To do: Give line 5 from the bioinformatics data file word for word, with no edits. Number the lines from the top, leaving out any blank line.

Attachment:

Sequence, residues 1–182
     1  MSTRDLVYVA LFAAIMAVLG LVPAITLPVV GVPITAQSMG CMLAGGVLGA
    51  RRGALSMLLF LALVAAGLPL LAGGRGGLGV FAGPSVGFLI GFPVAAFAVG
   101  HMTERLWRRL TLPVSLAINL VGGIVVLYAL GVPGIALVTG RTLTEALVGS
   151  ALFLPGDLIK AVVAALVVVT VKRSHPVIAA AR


   151  ALFLPGDLIK AVVAALVVVT VKRSHPVIAA AR